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There are now more than 25 anti-retroviral medications (ARVs) available for the treatment of HIV. These drugs have distinct sites of action in the HIV life cycle and unique pharmacological properties that dictate how they can be used safely in the treatment of HIV. Drug-drug interactions can occur because of alterations to several pharmaco-dynamic processes, including absorption and drug transport, but hepatic metabolism is clinically the most important. Co-administration of antiretrovirals with other, more commonly used drugs is becoming commonplace and clinicians must be aware of potentially serious interactions that can lead to treatment failure and toxicity. © 2013 Elsevier Ltd. All rights reserved.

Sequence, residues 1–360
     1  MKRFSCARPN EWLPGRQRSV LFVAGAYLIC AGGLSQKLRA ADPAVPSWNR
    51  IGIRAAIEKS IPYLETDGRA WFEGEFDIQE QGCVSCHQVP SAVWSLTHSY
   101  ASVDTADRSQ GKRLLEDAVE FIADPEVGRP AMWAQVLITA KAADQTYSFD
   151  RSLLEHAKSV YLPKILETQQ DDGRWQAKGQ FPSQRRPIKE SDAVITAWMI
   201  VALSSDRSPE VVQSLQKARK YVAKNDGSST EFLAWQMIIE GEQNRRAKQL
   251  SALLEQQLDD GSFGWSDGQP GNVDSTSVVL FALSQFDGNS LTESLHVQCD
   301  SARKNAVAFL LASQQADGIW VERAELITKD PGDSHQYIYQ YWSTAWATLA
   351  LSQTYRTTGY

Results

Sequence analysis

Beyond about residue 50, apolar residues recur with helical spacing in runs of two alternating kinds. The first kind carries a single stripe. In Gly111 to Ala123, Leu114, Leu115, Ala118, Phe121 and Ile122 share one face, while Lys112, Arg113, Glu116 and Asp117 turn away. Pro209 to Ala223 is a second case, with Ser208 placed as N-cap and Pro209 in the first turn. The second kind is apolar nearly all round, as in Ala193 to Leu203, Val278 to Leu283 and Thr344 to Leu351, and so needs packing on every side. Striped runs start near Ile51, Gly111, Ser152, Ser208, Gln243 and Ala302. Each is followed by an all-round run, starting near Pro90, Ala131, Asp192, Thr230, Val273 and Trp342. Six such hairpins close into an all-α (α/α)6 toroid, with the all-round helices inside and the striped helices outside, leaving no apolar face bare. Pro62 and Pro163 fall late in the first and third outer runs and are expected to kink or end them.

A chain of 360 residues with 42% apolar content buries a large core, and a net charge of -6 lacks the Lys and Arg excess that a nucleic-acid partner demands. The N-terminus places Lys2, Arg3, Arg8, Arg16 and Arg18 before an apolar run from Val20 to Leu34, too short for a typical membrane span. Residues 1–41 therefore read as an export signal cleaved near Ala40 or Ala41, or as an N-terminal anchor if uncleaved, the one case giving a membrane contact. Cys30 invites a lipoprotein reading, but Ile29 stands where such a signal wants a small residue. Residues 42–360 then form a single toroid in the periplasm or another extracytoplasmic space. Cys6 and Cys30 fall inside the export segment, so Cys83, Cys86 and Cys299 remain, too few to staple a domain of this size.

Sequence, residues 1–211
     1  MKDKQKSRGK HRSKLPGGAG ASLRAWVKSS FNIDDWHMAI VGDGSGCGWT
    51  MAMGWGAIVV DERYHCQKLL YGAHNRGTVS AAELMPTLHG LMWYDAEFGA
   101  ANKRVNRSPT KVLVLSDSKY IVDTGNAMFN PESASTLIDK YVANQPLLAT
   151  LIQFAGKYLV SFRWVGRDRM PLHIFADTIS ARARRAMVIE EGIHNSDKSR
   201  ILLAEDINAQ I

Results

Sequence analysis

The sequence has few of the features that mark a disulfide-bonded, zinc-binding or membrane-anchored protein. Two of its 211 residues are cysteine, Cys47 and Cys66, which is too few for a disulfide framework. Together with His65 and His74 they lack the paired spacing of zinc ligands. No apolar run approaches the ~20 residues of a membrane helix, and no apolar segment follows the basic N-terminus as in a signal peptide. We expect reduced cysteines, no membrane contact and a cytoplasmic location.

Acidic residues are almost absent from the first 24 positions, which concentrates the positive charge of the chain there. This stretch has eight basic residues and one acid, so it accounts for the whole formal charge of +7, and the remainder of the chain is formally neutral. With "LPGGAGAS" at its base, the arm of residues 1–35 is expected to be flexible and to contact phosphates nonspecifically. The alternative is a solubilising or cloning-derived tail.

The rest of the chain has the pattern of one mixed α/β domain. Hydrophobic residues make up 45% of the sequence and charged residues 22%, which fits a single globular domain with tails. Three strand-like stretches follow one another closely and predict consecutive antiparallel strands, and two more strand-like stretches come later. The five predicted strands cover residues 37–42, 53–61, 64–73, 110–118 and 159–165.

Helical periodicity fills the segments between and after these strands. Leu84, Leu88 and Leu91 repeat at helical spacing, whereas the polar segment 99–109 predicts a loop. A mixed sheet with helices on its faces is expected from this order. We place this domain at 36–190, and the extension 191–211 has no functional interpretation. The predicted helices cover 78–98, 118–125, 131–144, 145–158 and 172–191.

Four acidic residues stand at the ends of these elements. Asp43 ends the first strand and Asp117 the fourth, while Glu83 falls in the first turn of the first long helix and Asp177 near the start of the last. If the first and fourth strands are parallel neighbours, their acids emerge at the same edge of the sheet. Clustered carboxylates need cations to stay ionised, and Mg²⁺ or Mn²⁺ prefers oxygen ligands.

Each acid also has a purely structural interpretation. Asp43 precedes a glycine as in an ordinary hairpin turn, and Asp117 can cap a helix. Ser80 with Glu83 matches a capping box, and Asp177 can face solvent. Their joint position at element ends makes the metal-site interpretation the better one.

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Journal article

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474 - 478